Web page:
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What is it like to be rich?

(84 Posts)

I just genuinely wondered... What is it like not to have to think twice about running your heating in case your direct debit shoots up by £100 in the next quarter, or seeing something you like and buying it without a second thought?

I apologise in advance if anyone is offended or thinks it's a bad taste question etc.. I just genuinely wonder...

I'm always of the frame of mind 'skint but happy' - and I do genuinely believe that - but I still can't help wondering lol. Both myself and my partner are, realistically, never destined to be rich - that's just a fact of our chosen professions, there's a ceiling limit on the top wage we could ever hope to achieve..

But there are times where I dream... like now. I applied for my son to attend the local independent school, he passed the exam with flying colours and we attended an interview today HOWEVER, even if he gets offered a place, we could only send him if we are lucky enough to receive some assistance in the form of a bursary, and that's not guaranteed to be offered even though we have been assessed and meet the criteria... Just feel somewhat helpless!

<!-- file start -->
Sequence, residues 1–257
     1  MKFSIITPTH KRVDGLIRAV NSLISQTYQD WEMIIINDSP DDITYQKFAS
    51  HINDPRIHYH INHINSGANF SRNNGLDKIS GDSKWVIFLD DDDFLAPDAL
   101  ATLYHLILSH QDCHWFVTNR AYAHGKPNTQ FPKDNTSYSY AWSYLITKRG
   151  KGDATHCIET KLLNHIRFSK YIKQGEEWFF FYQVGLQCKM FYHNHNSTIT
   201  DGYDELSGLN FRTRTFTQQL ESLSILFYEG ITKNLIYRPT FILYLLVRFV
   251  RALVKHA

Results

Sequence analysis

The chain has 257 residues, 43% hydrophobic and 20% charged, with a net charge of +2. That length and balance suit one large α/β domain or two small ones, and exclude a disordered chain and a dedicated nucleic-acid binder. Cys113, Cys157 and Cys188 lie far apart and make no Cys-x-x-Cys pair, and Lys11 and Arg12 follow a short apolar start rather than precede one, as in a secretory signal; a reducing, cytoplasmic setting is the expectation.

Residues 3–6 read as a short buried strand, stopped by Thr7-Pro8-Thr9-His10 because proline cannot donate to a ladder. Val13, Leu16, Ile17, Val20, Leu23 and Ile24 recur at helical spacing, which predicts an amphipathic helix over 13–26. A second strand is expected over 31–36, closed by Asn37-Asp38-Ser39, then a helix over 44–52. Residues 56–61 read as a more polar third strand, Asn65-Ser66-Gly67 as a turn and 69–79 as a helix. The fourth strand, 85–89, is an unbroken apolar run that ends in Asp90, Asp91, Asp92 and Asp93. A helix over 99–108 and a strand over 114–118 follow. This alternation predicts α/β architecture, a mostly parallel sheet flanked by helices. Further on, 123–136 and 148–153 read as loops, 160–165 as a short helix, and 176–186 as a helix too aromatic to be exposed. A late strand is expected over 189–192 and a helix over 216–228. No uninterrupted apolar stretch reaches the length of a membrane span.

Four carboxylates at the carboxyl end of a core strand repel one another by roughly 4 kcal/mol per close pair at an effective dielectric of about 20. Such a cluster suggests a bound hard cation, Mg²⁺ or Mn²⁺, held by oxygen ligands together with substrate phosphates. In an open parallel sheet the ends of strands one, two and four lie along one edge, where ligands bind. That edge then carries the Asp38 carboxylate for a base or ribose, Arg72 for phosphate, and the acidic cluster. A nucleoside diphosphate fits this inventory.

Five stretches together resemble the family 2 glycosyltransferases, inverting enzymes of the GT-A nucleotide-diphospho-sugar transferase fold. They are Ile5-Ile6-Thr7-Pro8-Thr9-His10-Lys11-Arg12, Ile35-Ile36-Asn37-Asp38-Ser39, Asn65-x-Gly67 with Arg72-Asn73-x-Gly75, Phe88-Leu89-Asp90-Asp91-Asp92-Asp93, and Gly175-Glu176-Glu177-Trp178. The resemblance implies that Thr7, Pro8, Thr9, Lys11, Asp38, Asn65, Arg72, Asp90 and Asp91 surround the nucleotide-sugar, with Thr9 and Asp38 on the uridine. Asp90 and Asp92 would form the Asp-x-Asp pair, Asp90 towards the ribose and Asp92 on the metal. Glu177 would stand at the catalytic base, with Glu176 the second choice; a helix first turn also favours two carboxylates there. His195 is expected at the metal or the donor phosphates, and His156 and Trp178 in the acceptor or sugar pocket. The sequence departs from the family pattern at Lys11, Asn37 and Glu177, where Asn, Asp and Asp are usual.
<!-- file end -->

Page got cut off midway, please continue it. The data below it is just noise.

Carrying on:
It's times like this when I just can't help but feel a little envious of others where this would not be an issue and I could be content knowing that I was able to afford my child the gift of a quality education and a range of experiences and opportunities (and please do not think I am bashing state schools, because I'm not, I've been very fortunate in the primary schools my children attend and I did very well myself at state school - but it doesn't change the fact the opportunities at independent schools are incomparable!)

sigh I know it's the way of the world though..

I feel very rich and I really like it.

I used to be a lone parent on brenefits, until DS went to school and I got back on the career ladder and worked really hard.

Seven years later I am increadibly financially secure, and it feels so increadible I am grateful every single day.

I do not notice when payday is.

I need and want very little though, so I just don't spend much money (some people are hurtful and call me tight, but I am not, I just can't be bothered with spending money on things like handbags, I have a bag, it holds my stuff, why do I need another one?)

I buy DS whatever he needs, we have cars, a warm house, holidays, but nothing extravagant.

DP is the same, both of us are better at saving our money than spending it, but that means we always have money when we want to spend it, and are never in debt or counting down the days till payday.